Type 1 diabetes with onset in childhood (0-14.9 years) represents one of the most frequent chronic diseases in children and young adults. Norway has one of the highest incidences of childhood onset type 1 diabetes in the world. Before introduction of insulin therapy in 1922, few children survived more than one to two years after clinical onset. When insulin came available, a major shift occurred in the distribution of causes of death in type 1 diabetic patients away from diabetic coma, which dominated the pre-insulin era, to renal and cardiac diseases. The disease is related to a significant burden to society and patients because most cases require lifelong treatment with insulin as well as day-to-day monitoring. Type 1 diabetes also confers increased risk of severe late complications such as renal failure, blindness, amputations, heart disease and stroke. Despite advances in diabetes treatment, type 1 diabetes is still associated with considerable premature mortality resulting from acute and chronic complications of diabetes and an increase in mortality at every age. Although the main cause of death in type 1 diabetes is long-term complications, an excess death rate has also been reported in subjects with short duration without signs of long-term complications.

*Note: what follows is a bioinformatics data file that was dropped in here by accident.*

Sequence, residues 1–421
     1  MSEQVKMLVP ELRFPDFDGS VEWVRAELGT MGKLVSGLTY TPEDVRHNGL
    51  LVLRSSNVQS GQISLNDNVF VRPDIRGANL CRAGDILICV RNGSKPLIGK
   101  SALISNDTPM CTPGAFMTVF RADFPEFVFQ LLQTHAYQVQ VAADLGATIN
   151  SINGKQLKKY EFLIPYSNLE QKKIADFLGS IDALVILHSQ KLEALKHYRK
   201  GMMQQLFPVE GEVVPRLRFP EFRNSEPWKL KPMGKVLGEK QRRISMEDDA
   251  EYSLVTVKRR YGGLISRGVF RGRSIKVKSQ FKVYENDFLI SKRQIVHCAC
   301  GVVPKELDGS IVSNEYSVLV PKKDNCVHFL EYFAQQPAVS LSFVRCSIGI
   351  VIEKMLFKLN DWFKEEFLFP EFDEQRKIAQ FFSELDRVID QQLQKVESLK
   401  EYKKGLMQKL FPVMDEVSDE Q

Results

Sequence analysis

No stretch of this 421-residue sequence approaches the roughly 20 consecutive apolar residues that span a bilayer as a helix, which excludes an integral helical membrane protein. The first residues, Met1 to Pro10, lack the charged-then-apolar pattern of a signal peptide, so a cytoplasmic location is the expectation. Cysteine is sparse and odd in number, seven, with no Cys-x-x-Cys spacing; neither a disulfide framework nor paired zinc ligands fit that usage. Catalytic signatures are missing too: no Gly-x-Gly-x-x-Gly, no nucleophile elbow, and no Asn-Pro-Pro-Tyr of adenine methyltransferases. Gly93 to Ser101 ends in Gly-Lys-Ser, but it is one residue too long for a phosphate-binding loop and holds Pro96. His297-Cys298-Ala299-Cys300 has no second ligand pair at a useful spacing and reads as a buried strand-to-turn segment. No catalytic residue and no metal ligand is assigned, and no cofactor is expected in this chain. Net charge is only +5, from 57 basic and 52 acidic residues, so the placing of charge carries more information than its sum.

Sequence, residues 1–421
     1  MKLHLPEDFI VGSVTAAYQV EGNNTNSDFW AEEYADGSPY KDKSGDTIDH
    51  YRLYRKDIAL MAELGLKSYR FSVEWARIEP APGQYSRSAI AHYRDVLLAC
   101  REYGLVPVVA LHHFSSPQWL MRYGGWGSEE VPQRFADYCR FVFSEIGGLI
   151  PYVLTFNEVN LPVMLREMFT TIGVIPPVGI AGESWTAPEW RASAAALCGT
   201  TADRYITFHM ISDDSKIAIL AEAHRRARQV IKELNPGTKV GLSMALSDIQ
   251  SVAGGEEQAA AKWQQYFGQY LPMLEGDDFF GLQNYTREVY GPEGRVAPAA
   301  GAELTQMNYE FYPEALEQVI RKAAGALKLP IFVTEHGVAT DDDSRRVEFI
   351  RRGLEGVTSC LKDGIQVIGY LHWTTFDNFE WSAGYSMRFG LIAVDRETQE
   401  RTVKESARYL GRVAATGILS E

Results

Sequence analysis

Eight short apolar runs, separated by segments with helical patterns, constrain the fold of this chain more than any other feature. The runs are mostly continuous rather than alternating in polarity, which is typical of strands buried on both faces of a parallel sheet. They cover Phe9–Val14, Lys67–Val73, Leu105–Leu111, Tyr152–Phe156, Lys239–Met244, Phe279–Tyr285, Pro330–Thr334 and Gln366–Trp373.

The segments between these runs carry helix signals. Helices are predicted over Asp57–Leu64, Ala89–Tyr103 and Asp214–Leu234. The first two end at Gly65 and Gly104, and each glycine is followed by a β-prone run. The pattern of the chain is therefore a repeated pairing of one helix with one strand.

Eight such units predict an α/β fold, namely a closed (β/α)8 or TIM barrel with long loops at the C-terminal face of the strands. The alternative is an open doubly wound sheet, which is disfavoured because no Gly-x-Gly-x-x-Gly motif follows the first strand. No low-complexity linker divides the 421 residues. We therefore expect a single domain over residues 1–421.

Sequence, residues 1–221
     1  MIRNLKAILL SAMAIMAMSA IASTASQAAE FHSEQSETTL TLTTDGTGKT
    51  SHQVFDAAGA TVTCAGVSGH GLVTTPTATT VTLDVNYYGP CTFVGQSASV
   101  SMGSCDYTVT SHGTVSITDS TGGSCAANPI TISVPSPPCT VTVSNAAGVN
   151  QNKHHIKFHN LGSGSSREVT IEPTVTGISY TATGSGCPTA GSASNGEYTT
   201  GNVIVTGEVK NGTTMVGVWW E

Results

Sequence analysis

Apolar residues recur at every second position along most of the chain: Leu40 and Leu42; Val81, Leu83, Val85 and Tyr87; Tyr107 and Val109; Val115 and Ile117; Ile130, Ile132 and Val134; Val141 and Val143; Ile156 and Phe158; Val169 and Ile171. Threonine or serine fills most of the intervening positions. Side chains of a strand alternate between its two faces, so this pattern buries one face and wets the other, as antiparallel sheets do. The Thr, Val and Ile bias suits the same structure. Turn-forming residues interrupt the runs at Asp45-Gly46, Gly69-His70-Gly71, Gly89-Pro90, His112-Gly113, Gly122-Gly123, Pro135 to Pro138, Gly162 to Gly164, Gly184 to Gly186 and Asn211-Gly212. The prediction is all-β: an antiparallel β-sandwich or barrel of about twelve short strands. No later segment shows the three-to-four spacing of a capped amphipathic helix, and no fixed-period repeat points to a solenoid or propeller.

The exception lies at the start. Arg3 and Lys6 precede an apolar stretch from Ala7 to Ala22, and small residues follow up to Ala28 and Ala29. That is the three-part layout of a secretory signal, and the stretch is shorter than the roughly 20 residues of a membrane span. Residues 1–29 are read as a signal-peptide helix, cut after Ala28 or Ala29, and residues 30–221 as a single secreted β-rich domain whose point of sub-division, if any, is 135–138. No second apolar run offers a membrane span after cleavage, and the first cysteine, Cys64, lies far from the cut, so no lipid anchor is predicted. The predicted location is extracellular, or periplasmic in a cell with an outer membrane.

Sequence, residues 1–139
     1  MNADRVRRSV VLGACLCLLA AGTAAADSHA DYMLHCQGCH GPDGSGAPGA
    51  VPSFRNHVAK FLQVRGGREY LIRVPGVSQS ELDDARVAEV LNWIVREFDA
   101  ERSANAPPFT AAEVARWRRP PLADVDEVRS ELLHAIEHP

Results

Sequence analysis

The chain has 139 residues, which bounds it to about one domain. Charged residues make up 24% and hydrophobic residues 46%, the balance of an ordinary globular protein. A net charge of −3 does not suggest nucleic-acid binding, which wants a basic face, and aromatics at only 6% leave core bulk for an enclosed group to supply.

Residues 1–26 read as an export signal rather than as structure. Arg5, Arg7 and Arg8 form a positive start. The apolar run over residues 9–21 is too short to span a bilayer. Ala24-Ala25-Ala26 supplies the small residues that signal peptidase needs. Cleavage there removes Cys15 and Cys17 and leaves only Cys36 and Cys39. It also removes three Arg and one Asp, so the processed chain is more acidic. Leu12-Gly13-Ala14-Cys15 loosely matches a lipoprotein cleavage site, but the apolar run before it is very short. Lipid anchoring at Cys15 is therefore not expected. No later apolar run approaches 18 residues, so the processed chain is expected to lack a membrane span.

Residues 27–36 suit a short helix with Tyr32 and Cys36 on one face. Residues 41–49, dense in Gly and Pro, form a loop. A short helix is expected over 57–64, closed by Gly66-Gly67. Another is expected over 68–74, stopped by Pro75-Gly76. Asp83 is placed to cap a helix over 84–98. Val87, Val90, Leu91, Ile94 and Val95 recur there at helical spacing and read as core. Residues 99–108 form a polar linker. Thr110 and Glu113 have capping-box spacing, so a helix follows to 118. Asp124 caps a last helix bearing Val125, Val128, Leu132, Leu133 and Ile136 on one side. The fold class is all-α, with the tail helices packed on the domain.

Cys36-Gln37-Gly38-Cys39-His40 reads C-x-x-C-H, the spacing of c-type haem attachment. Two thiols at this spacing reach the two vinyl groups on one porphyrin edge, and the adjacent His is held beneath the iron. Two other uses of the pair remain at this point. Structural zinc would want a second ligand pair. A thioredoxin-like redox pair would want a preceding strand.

Skrivarhaug, T. (2013). Mortality in childhood-onset type 1 diabetes: Nationwide population based data from Norway. Norsk Epidemiologi, 23(1), 89–93. https://doi.org/10.5324/nje.v23i1.1607